The cosmos has a knack for making something out of very little. It molds stars from clouds of dust and gas, planets from the residue left over from the creation of stars, and moons from the scattered fragments around newly glazed planets. The universe spins cosmic matter around, guided by the forces of gravity, shaping the celestial figures that fill the expanse.
Astronomers, with the help of telescopes, have captured glimpses of some of the raw materials before they become something whole—a diffuse glow about to coil into a star, a swirl of particles that could clump into planets. And the silt from which moons could form? That has been the trickiest to detect, but at last some has been found, whirling around a planet many light-years away.
It’s in the picture above. Not the big, glowing ring; that is the material orbiting the star at its center, named PDS 70, some of which has coalesced into planets. The potentially moon-forming stuff is the faint glow around that gleaming speck of a planet. Astronomers call this material a circumplanetary disk, and although it looks like little more than some pixels, this is the first time they’ve detected one with such clarity. Here’s a closer look:
The disk surrounds an exoplanet called PDS 70c, one of two gas giants orbiting a star nearly 400 light-years from Earth. Astronomers can’t see any new moons in this swirling disk of matter, nor can they say with certainty whether any have taken shape, or will. But the materials are there. “The brighter the disk is, the more mass there exists in the disk,” Jaehan Bae, an astronomer at the Carnegie Institution of Washington and one of the authors on the new discovery, told me. And his team’s measurements suggest that there’s enough mass in this glowing disk to produce three moons the size of our own. The moons would form as planets do, through a series of collisions of fast-moving particles. The bits and pieces would stick, and gravity, over time, would smooth the misshapen clumps into spheres.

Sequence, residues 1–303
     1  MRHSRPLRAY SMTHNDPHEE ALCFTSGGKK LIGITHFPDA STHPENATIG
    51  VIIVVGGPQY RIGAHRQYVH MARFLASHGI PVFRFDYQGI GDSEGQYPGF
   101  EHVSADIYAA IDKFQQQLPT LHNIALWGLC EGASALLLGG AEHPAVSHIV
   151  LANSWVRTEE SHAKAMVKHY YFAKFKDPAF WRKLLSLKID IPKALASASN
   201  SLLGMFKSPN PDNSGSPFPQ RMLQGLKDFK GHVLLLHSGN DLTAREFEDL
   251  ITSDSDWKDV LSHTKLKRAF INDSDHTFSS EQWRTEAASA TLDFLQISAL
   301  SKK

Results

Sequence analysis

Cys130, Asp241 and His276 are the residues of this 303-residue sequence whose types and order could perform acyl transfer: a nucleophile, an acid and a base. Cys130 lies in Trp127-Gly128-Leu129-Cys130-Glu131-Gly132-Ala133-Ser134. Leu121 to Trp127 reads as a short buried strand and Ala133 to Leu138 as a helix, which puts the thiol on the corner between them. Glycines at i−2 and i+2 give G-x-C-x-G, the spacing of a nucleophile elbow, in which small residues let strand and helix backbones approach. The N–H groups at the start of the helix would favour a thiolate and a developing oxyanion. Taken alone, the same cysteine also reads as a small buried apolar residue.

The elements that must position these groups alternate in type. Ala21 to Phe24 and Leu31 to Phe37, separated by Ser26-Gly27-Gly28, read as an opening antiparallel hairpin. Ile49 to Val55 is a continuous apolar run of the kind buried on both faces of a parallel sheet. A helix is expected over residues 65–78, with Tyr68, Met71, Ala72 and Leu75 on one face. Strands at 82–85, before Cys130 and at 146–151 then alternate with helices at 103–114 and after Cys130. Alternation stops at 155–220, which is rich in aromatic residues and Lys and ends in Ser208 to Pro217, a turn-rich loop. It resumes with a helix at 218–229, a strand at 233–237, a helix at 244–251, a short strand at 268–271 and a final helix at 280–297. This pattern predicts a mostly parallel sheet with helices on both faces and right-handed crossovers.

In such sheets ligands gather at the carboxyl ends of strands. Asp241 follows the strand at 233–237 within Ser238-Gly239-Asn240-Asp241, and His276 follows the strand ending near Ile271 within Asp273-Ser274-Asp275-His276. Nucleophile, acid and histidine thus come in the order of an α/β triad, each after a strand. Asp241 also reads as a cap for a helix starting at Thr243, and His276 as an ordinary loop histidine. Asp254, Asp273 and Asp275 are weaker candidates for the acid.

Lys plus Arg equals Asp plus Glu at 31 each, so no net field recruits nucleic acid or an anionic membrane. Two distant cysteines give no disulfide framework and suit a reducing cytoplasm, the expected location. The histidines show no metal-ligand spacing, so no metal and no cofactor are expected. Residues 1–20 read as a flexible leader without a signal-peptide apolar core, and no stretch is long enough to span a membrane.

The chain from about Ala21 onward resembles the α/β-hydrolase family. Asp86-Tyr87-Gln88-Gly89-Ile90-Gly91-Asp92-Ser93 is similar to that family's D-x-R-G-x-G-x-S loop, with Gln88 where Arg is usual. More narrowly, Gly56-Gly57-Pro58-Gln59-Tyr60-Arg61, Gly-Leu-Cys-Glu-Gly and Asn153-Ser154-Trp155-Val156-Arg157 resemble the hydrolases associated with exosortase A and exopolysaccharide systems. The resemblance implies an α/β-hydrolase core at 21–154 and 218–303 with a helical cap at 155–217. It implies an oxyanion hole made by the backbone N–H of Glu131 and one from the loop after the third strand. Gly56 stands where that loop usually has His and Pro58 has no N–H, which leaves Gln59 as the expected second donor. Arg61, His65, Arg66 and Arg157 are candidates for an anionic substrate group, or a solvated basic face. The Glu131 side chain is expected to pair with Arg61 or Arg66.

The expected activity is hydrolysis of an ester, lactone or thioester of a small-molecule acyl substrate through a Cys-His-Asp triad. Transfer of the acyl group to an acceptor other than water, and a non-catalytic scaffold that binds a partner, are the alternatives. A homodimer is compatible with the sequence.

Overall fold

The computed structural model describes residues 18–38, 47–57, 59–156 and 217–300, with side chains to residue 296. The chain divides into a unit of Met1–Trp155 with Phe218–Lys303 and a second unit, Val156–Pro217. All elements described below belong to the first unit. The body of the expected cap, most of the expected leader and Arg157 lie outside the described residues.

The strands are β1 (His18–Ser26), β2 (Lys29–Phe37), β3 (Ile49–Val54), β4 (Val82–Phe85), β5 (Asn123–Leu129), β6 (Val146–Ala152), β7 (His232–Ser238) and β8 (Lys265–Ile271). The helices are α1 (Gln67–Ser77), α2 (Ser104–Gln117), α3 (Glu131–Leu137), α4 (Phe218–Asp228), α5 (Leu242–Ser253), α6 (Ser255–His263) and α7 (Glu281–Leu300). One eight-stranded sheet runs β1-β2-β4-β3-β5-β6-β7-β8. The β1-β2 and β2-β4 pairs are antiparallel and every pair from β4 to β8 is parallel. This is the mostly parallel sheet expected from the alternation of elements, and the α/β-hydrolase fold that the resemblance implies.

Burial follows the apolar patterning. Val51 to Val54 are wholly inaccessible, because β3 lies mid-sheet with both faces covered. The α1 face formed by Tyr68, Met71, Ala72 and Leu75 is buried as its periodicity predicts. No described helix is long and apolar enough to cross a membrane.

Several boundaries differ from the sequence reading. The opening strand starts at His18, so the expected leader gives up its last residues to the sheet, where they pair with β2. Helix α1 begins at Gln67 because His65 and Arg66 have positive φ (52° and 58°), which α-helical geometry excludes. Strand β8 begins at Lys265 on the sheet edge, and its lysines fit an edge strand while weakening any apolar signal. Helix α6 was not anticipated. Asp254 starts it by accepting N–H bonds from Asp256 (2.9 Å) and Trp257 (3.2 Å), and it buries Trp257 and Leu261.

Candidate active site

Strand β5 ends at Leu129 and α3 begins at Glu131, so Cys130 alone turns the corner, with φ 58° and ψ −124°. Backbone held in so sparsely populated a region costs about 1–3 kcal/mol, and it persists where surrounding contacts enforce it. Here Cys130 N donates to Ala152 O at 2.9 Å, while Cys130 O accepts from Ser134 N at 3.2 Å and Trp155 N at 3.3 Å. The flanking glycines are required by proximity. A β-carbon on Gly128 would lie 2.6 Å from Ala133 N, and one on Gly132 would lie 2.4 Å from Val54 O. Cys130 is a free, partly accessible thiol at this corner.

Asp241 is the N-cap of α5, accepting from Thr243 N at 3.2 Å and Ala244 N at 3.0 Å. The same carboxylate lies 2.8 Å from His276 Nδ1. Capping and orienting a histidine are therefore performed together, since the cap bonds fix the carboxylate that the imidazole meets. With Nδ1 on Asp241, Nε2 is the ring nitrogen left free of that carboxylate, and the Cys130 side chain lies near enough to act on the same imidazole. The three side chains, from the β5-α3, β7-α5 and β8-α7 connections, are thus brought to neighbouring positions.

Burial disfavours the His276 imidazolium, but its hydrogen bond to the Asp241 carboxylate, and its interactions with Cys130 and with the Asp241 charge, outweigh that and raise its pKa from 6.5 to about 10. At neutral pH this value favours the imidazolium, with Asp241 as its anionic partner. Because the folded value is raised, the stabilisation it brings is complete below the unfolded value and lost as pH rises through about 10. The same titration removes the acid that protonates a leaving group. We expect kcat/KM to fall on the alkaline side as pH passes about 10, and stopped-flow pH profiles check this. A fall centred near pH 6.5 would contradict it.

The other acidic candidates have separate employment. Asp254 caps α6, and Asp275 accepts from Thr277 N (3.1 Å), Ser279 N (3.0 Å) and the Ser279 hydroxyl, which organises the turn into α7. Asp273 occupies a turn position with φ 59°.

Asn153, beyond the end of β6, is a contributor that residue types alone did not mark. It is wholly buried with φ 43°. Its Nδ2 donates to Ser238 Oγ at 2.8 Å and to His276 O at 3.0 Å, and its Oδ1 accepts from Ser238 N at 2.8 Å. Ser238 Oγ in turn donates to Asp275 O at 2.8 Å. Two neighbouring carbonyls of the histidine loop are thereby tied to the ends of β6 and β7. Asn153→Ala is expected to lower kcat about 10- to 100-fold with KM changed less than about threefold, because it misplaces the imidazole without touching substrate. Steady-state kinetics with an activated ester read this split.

Based on this image, PDS 70c and its sibling planet, the very creatively named PDS 70b, are young planets, fresh out of their own cosmic kiln. Their detection a few years ago wasn’t so shattering, because astronomers have discovered more than 4,400 exoplanets to date and are working to acquire more data for another 7,600 potential planets. Exomoons, on the other hand, have been far more elusive. Small exoplanets are more challenging to find than bigger ones, which means that spotting small moons is even more difficult. One team announced in 2018 that they had discovered what could be the first known exomoon, an unusual one about the size of Neptune, located in a star system about 8,000 light-years away. But other researchers haven’t yet managed to replicate the original team’s analysis, and the existence of this potential exomoon remains uncertain.
Astronomers know that exomoons are certainly out there, guided by the same logic that indicated exoplanets must have existed before anyone had ever discovered one: Our planetary system and the sun at its center are not special but, judging by all those stars in the sky, one of many in the Milky Way. More than 200 moons reside in our own solar system, mostly around Jupiter and Saturn, its biggest planets. Some are tiny bits of rock, while others are worlds unto themselves, studded with rumbling volcanoes and flowing with subsurface oceans. Moons, I’d argue, are more interesting than planets in at least one sense—maybe the most important sense. Icy moons such as Jupiter’s Europa and Saturn’s Enceladus, for example, might be the best places to look for evidence of extraterrestrial life beyond Earth.